Anonymous UserCEO at a computer software company
Fredrik LehtonenSystems Analyst at Intraservice/City of G̦teborg
We asked business professionals to review the solutions they use. Here are some excerpts of what they said:
"The ability to manipulate the zones and the files within the zones from a global OS provides us flexibility that no other virtualization can match."
"Oracle Solaris is great due to the fact that it actually is meant for high-end servers."
"The solution has features that simplify adoption for non-Linux users. There is an interface that you can activate on RHEL systems, and on other Linux systems as well, so that you will get a graphical user interface instead of just a shell. It's easier for an administrator who is used to only working on Windows."
"Its security is the most valuable. It is very stable and has many features. It also has good performance. Some of our clients were using Windows servers and products. I suggested Red Hat Linux to them and described the features. They switched to it, and they really loved it. There were around 50 servers in my last company, and they switched all those servers from Windows to Red Hat. I used to manage those servers."
"Customer support is valuable."
"The integrated solution approach reduces our TCO tremendously because we are able to focus on innovation instead of operations."
"Oracle customer service is slow at times."
"Currently, there are two variants, there's SPARC and there's x86. I would have wanted a scenario where they're all just one product."
"Sometimes they don't have new versions for applications like Apache or PHP. I understand it's because they have to have support for them, so they can't have the latest version all the time, but that's the main thing I see that could be improved."
"It is mostly better than other solutions. However, it is sometimes difficult for disaster recovery, so we have to plan accordingly."
"Their pricing and documentation can be improved."
"Linux overall needs improvement. They cannot go much beyond what Linus Torvalds's kernel implementation can do. I come from AIX, and there were very cool things in AIX that I am missing dearly, e.g., being able to support not only adding, but also reducing memory and number of processors. That is not supported on Linux right now, and it is the same for the mainstream file systems supported by Red Hat. There is no way of reducing a file system or logical volume. Whereas, in AIX, it was shoo-in. These are the little things where we can say, "Ah, we are missing AIX for that.""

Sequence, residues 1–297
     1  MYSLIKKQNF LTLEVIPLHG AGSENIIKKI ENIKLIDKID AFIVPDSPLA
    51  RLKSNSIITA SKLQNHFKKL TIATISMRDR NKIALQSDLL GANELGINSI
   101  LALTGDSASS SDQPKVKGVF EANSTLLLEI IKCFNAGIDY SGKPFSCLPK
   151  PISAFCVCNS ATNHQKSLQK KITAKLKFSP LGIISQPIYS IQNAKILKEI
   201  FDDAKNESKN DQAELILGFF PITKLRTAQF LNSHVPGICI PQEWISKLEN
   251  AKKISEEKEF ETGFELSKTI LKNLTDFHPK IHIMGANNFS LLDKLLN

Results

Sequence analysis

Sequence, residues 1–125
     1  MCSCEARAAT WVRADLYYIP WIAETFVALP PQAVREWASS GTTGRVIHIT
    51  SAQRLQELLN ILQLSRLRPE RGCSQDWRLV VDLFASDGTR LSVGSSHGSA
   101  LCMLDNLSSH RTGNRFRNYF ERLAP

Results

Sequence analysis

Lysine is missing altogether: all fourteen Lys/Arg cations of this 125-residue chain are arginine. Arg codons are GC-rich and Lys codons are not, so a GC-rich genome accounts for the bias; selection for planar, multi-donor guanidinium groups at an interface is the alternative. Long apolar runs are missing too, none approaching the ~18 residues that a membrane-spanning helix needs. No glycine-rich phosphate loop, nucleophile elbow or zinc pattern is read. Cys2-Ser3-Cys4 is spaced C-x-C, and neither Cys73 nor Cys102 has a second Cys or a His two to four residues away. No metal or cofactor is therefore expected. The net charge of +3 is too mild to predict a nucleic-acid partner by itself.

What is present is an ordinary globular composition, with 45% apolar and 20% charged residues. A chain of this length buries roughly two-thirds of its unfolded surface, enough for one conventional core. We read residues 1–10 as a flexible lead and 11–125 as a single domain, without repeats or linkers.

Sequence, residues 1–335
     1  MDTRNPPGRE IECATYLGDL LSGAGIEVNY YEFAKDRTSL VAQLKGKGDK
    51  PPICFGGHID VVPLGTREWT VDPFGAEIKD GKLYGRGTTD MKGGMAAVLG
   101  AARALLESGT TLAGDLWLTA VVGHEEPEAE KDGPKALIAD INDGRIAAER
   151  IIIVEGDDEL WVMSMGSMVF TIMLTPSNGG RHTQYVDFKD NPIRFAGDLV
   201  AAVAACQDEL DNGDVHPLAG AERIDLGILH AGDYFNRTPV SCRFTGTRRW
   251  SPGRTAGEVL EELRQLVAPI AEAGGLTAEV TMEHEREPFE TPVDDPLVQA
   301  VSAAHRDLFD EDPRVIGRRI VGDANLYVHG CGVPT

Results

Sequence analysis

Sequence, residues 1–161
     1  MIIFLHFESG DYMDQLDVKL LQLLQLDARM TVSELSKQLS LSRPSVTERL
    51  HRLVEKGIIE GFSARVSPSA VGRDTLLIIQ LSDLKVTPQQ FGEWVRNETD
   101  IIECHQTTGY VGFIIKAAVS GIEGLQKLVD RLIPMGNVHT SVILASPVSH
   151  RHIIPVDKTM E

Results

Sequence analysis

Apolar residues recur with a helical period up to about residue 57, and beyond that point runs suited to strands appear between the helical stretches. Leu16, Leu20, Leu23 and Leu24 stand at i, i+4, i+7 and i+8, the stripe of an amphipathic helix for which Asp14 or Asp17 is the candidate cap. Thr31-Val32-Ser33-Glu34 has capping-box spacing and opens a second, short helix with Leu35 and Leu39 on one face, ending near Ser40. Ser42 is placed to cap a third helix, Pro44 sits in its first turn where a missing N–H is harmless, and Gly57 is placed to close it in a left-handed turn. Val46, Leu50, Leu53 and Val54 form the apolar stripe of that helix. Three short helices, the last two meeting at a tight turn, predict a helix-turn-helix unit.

"There is no OS licensing cost if you use their hardware and purchase hardware maintenance."
"If you buy Oracle hardware it's supported free with the hardware. If you're putting it on non-Oracle hardware, that is when you buy the support license, which is also very reasonable. It is $1000 dollars per year, so it's not overly expensive."
"In terms of the solution’s single subscription and install repository for all types of systems, we can have as many RHEL installations as we want because we have a specific subscription that entitles us to have as many RHEL services as we want. We pay for a subscription and with that we get RHEL and Satellite as well."
"Red Hat Linux is inexpensive. Linux solutions are generally inexpensive."
"RHEL is expensive."
"ecause it is a subscription, you can go elastic. This means you can buy a year, then you can skip a year. It is not like when you buy something. You don't buy it. You are paying for the support on something, and if you don't pay for the support on something, there is no shame because there are no upfront costs. It changes the equation. However, we have such growth right now on the Linux platform that we are reusing and scavenging these licenses. From a business standpoint, not having to buy, but just having to pay for maintenance, changes a lot of the calculations."
Oracle Solaris is a complete, secure, enterprise-grade cloud platform. From built-in, near zero-overhead virtualization and application-driven Software Defined Networking, to scalable data management and high availability clustering, we give you everything you need to build your enterprise cloud.
Oracle Solaris 11.3 is the world's most advanced enterprise operating system. It delivers security, speed, and simplicity for enterprise cloud environments and DevOps
For more information on Oracle Solaris, visit Oracle.com
Oracle Solaris is ranked 7th in Operating Systems (OS) for Business with 4 reviews while Red Hat Linux (RHEL) is ranked 5th in Operating Systems (OS) for Business with 4 reviews. Oracle Solaris is rated 9.8, while Red Hat Linux (RHEL) is rated 8.8. The top reviewer of Oracle Solaris writes "Powerful with high availability and very stable". On the other hand, the top reviewer of Red Hat Linux (RHEL) writes "The integrated solution approach reduces our TCO tremendously because we are able to focus on innovation instead of operations". Oracle Solaris is most compared with Oracle Linux, Ubuntu Linux, Windows 10, CentOS and Windows Server, whereas Red Hat Linux (RHEL) is most compared with SUSE Linux Enterprise, Oracle Linux, Windows Server, Ubuntu Linux and Windows 10. See our Oracle Solaris vs. Red Hat Linux (RHEL) report.
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